Managing payroll is an essential but often expensive core HR activity and payroll software and outsourcing are the two main strategies for reducing the total cost of ownership (TCO) associated. A 2011 survey report from PriceWaterhouseCoopers (PwC), The Hidden Reality of Payroll & HR Administration Costs, looks in depth at the hidden costs behind payroll and HR and seeks to identify some characteristics of cost-effective organizations—covering (in a somewhat roundabout fashion) what the research firm believes really matters when it comes to maximizing your investment in payroll software. Exploring the administration of payroll, workforce administration, time & attendance, and health & welfare benefits, the payroll-related findings (including the role of payroll software) of the PwC study are not necessarily shocking, but they do convincingly question some conventional wisdom of both business software and process automation.
Payroll Software’s Hidden Costs
The obvious and visible costs of any payroll system are often the only ones taken into account when considering the introduction or upgrading of an organization’s payroll software. These ‘surface’ costs include:
System installation - one-off costs related to the initial acquisition and implementation of the software
System upgrade - periodic acquisition and implementation costs related to upgrading to a more current version of the system
Direct labor costs - labor costs for the direct staff necessary to support the system
Outsourcing costs – costs deriving from any outsourced payroll services, e.g. tax filing, paycheck printing, etc.
However, PwC found that the following ‘hidden’ and often unconsidered costs can account for up to 65% of the total TCO:
Direct non-labor costs – cost of consultants, vendor fees and facilities, G&A, and related corporate overheads
System maintenance costs - IT costs specifically related to maintaining the system
Indirect labor costs - labor costs for employees not directly related to the payroll department supporting these functions ‘in the field’ (e.g., collecting, approving and preparing employee hours for payroll; distributing paychecks; answering employee questions about benefits, etc.)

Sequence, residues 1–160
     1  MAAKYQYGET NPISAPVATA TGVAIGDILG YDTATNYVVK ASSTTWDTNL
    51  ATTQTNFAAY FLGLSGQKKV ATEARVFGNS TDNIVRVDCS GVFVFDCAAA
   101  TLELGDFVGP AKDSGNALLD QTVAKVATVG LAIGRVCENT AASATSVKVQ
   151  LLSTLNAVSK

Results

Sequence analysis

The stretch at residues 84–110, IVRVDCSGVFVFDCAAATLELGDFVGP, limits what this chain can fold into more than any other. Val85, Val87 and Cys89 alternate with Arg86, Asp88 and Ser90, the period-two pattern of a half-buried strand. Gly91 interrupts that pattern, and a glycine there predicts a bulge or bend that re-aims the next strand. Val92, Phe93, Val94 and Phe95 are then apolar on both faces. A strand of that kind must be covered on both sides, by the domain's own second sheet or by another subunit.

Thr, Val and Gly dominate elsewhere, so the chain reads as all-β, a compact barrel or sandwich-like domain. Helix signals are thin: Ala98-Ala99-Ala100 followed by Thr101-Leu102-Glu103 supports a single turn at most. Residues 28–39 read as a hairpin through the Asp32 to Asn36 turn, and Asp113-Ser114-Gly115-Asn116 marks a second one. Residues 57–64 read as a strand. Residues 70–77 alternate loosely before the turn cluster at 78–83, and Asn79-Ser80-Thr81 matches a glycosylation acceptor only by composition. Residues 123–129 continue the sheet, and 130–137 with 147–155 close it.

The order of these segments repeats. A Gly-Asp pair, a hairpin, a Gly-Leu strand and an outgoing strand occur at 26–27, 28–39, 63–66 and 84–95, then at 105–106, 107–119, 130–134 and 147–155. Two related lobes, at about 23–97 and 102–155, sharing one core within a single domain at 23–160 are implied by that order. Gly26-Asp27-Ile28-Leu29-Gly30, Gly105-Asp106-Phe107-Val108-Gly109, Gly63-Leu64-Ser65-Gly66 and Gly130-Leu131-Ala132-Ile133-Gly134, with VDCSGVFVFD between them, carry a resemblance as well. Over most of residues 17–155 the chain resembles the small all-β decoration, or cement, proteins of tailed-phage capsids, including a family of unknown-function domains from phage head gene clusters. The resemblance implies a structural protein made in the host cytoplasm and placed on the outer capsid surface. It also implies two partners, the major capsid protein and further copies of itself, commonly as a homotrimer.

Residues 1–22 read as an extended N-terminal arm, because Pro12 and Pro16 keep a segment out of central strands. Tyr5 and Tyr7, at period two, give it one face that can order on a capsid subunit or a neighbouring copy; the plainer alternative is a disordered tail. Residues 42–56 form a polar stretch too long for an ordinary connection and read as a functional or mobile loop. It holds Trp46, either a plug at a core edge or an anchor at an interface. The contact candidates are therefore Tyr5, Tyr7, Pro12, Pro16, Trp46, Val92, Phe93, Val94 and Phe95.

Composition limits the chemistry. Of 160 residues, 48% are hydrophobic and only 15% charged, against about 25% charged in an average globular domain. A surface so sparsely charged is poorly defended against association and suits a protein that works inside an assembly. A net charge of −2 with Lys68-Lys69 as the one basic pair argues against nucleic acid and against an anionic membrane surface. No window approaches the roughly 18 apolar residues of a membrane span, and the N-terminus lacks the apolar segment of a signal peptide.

Because these hidden costs are not always explicitly stated or are spread throughout the entire workforce (or at least, the management) they are often ignored—leading to a false impression of the payroll software solution’s TCO; which may in turn lead to future payroll and technology strategies being based on insufficient data.
Payroll Software’s Total Cost of Ownership is on the Rise
Despite the increasing sophistication of payroll software and the definite efficiencies that can be gained from integrating payroll data with other HR and business systems, PwC’s regular survey has noted an increase in cost: “TCO for payroll is actually increasing-contrary to our expectation, and despite technological advances, administration costs have actually increased rather than decreased since 2003 as organizations focus on technology transformation rather than process transformation.” Contrary to expectation, the survey found that the cost of administration had risen by $1 per paycheck, which multiplied by the number of employees every month becomes a significant sum for any business. The key to the mystery seems to lie in a common implementation or adoption failing – most organizations expect the mere presence of the software to create savings; they do not review and improve their business processes to align with the capabilities of the technology leading to unused features and even manual work-arounds – a classic case of trying to fit the square peg into the round hole. Best practice software implementation always includes a review of the processes being automated, so that the full value can be realized. As the survey report says, “The results of the study suggest that many organizations need to focus on process redesign when they decide to change software. Failure to do so drives both these hidden and seams costs described above.”